Misconceptions in our classrooms

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A misconception is a view or opinion that is incorrect due to faulty prior knowledge, thinking or understand. Naturally, these will pop up in our future classroom, but how do we as teachers notice confront them in our classrooms?

5 Tips to Combat Misconceptions (https://www.middleweb.com/39739/how-we-can-fix-faulty-background-knowledge) :

  • Work to determine students’ prior knowledge and identify incomplete and/or inaccurate understanding of concepts.
  • Encourage a classroom climate that focuses on developing new understanding and respectful discussion.
  • Recall that more complex concepts need to be broken down into smaller components in order to be better understood.
  • Design a variety of student-centered activities that allow learners to resolve conflicts between their existing ideas and more correct information.
  • Help student make connections between concepts learned in the class and everyday life.
    • *Remember that traditional instruction is not effective when trying to address/correct misunderstandings.

Teacher Misconceptions:

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As important as it is for you to combat your students’ misconceptions as it is for you to combat your own cultural ones.

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As foul as these are, they still take place. Be sure to not diminish a student’s identity by reinforcing a stereotype such as the photo.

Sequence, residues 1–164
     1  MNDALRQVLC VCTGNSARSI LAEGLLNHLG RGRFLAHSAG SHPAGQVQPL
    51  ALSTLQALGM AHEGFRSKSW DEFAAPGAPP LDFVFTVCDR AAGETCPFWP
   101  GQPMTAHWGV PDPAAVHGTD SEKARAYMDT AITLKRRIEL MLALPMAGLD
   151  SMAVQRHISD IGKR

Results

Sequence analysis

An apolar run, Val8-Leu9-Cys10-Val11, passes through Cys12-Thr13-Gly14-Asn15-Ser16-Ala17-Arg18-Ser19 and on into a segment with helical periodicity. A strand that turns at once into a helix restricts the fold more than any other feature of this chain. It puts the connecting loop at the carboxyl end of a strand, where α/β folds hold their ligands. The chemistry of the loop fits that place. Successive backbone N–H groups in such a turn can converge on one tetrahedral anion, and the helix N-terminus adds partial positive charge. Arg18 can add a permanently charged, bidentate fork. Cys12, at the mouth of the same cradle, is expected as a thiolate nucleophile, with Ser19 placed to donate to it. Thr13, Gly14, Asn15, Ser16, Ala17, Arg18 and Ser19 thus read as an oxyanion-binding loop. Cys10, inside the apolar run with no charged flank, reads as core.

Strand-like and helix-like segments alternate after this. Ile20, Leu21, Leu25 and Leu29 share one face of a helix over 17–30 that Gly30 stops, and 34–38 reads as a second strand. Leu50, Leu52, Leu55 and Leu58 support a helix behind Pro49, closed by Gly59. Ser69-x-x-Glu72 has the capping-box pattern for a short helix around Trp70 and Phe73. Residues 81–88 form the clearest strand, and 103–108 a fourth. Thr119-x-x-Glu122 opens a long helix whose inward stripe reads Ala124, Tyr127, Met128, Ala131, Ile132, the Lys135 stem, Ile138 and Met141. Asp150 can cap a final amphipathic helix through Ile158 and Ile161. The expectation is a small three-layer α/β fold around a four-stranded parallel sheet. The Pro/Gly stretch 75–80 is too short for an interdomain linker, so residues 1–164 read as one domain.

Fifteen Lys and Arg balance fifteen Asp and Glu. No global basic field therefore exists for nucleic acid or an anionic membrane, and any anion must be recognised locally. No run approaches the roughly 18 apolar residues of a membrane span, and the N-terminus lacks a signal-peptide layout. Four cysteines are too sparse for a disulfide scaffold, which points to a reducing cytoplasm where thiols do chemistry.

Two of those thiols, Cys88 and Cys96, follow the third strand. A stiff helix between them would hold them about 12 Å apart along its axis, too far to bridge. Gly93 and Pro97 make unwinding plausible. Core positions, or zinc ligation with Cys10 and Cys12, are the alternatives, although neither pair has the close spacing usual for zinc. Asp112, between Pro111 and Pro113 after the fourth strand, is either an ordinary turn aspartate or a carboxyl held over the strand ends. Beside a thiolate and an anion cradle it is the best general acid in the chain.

It’s important to note that there are many many more of these types of misconceptions. Misconceptions are to be fought against within the classroom as both teachers and students.

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2 Responses to Misconceptions in our classrooms

  1. haiberm says:

    Great post Wyatt! I really liked all the different strategies you presented. Some of them reminded me about scaffolding and building on prior knowledge instead of just throwing facts at the kids. Do you think that faulty prior knowledge can be as effective as correct prior knowledge?

  2. thomasbs says:

    Wyatt, I loved your post, and I especially like your point of identifying teacher misconceptions as well as student ones! Would you recommend the same tips to combat misconceptions to a teacher that you recommend for students? Awesome post!

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